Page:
Alex Winters may look and sound the part of a sweetly accomplished, award-winning Austin singer-songwriter, but underneath her high-shimmer vocals and lithe, acoustic guitar melodies are evocative tales of dreamers and risk-takers, sung by an artist who’s unafraid to peer into the dark, while making her way into the light.
“All of my songs tell some sort of story,” she says. “I put myself in different situations and walk through what I would do or how I would react.”
Exploring the wicked beauty of love’s complications, creating romantic vignettes with dark twists and unexpected turns, and conjuring the deep feelings between soul mates lost and found, Alex’s songs merge a poet’s sensibilities with a finely-tuned ear and natural agility with melody. Writing, performing, and co-producing her solo debut, Starting Over with Steve Palousek at Awesome Works Studio, in Holland, Texas, and backed by a team of seasoned players---drummer John Stacy Jr. (Kevin Fowler, Bart Crow, Asleep at the Wheel), keyboardist Steve Maynard (Holly Tucker, Janice Maynard and the Country Sawdust Band), and Palousek (on lead, pedal steel and bass guitars), 360 Magazine called her vocals “seamless” and compositions “effortless.” And while Luna Guitars bestowed Alex with their first Shining Star award, and her acoustic duo, the Lazy Janes, made the finalist’s round of Georgetown’s Got Talent, her life wasn’t always that of a Texas troubadour on the rise: Alex’s musical journey began as an introverted 12-year-old guitarist in her home state of Washington.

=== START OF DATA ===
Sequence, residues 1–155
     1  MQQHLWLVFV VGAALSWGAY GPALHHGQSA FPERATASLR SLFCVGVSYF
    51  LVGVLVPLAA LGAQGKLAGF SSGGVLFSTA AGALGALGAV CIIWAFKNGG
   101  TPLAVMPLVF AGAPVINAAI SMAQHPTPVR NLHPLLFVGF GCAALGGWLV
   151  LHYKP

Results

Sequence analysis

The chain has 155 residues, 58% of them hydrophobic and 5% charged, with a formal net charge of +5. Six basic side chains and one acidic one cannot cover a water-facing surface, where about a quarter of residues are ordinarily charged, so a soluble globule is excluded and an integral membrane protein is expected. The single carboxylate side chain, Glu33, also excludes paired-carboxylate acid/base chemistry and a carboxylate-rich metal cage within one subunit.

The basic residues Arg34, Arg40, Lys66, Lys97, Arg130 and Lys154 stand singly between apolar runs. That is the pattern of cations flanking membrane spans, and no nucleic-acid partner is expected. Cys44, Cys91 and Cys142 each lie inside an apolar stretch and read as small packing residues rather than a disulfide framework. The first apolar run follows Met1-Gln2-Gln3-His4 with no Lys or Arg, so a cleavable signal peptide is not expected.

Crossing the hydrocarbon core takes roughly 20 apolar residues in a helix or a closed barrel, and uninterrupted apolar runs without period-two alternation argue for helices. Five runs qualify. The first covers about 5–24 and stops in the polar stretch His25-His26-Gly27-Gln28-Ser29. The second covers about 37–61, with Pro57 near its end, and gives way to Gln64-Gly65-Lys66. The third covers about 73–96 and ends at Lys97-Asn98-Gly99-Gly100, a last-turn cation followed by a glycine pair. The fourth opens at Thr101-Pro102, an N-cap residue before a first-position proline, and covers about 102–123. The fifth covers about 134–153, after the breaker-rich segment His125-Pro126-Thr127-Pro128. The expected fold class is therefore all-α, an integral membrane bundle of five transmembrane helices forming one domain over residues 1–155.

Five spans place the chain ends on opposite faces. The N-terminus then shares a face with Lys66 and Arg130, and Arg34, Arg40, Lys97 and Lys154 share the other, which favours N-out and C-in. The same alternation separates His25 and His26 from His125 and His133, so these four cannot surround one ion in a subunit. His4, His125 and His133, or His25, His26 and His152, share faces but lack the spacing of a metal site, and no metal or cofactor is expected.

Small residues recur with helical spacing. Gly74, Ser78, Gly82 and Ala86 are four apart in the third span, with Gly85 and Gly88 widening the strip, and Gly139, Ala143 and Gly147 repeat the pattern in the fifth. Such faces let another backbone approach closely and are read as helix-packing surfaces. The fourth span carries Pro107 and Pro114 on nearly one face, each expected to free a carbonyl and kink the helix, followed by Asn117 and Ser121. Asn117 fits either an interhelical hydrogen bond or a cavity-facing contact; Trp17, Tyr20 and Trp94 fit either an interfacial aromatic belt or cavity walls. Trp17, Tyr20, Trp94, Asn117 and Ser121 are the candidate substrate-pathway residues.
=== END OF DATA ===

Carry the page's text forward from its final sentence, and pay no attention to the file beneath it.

“Music has moved or touched me everyday of my life, but I was way too shy to ever even think about trying to be in a band” she says. But after years of religiously jotting down notes and writing her first songs, she eventually found the confidence to play a tune for a friend. “Next thing I know, I’m in the band,” she remembers. Encouraged to write, challenge herself, and be more out front, “They saw something in me that I couldn't,” she says of her bandmates in Yakima’s Eleven 69. Grateful to have gathered the stage and recording experience, after one album and an ep, Alex lit out on her own, toward a new life in Texas.
“Moving to Austin is one of the best choices I ever made,” says the natural born singer-songwriter. “When I came here to visit in 1999, it felt like home and I knew I had to move here someday.”
Fully connecting with her own voice as a performing songwriter, reveling in a vision that is still introspective and sensitive, yet equally strong, enigmatic, and haunting, Alex continues to develop her unique solo repertoire. Ranging from the expressive “Almost There,” concerning the tightrope walk of new love, to the inner turmoil of the broken-hearted (“Turn Out the Light” and “Didn’t I”) and the explosive “Under Cover Lover,” (written from the perspective of a vampire), Alex reckons with the deep well of the human condition, of life and of love, in her heart-rendered songs.
"It's hard for me to believe that just a few short years ago the thought of performing on my own terrified me,” says Alex. “The energy and support I receive from the audience is profound: It keeps me moving forward."